A few incantations and some magic rites were all it took for necromancers to provide answers to worried clients, such as Roman Emperor Nero. In AD 59, after he had murdered his mom Agrippina, then discarded the evidence with an appalling lack of religious ceremony, he found himself suddenly guilt-ridden. Just couldn't get a decent night's sleep. Finally, to put a stop to the spectral maternal harassment, he hired a ghostbuster to summon her shade and appease her. The necromancy was successful; Nero went on to years of further abominations and slaughters without a single pang.
Home cookin' to die for
Beyond Necromancy 101 were supernatural
feats that required a lot more legwork. The ancient Greco-Roman recipe for
reanimation, for example. Long to bring a favorite corpse back to life for a
chat? First assemble your ingredients, including the foam of a rabid dog, the
hump of a hyena, and some fresh blood. Stir well and pump the mixture into the
corpse while gently reinserting the soul. You'll make Betty Crocker proud.
Both the Greeks and the Romans had regularly scheduled appeasement festivals to keep ghosts at bay. In May they held the Lemuria, more of an exorcism than a joyous time to remember dear old granny. During Lemuria, each household appeased the really hostile and spiteful ghosts called lemures and larvae. At midnight on the 9th, 11th, and 13th of May, the male head of each house conducted a ghost-busting ritual. Barefoot, he moved through the house, spitting out a series of nine black beans as he went, without looking behind himself. These solemn duties required good hand-eye coordination. The guy had to simultaneously spit and gesture and call out, "With these I redeem me and mine!" Once the master of the house had made the circuit, he did a quick handwash, some loud banging on brass pots, and a final "Spirits of my ancestors, get lost!" and he was through for that night.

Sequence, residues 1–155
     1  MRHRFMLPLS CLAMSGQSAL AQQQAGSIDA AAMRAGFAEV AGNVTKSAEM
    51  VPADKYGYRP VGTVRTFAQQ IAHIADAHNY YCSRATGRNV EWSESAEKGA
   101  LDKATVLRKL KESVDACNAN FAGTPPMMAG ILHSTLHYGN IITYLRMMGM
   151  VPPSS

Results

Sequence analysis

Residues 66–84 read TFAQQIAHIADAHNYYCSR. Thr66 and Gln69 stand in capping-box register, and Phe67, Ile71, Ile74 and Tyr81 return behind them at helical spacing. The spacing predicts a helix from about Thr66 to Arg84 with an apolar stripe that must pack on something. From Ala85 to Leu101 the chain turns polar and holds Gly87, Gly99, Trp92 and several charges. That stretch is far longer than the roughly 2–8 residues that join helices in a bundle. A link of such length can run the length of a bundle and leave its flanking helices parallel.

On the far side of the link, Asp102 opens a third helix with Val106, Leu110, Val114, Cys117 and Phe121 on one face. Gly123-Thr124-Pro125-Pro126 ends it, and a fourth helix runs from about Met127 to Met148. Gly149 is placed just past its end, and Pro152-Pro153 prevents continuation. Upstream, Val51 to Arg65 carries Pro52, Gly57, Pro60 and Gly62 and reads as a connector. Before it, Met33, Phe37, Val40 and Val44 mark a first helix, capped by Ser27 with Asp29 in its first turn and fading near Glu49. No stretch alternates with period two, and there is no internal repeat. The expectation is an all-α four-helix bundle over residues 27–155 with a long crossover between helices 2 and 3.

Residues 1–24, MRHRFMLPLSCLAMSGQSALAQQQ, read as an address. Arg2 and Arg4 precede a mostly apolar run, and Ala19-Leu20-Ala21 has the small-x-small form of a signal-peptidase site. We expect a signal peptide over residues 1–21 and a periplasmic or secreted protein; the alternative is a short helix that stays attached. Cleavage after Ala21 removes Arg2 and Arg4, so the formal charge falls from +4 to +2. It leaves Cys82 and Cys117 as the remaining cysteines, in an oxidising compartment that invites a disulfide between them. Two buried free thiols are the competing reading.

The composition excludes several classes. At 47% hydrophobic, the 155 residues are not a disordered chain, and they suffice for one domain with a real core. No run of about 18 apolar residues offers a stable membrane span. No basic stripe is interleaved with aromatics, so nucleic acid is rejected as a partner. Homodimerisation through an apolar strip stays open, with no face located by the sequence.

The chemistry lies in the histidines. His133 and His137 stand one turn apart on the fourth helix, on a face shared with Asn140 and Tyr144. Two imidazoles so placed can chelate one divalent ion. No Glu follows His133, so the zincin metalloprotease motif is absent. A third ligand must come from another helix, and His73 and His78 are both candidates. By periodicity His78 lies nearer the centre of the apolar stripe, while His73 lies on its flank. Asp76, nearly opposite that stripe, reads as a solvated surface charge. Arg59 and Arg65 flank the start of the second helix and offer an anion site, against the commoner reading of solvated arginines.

The Greeks celebrated parallel rites, the main one called Anthestheria, when ghosts from the underworld entered the city of Athens. During the festival, the ghosts got a meal of mixed grains and then had to be chased out. To protect themselves against excessive haunting, Athenians put pitch over their doors and chewed hawthorn leaves.
But these festivals were merely the
special occasions for ghost appeasement. On a more routine basis, survivors
took great care to attend to their family shades, beloved or not. Apparitions
back then were considered divine, and thus were more demanding than modern
Whether cremated or buried, the newly dead required immediate transfusions of food and drink. For that reason, the Romans in particular made sure that graves and sepulchres had built-in pipes or slots into which wine, milk, and even edible solids could be poured. Or stuffed. (Pizza delivery cost extra, of course.) During October and November, the divine ghosts required special treats: graveside lanterns, garlands, flowers, wine and other beverages. Believe it or not, the Romans even served up Bubba-style BBQ to their deceased.
After two millennia of evolution--has anything changed?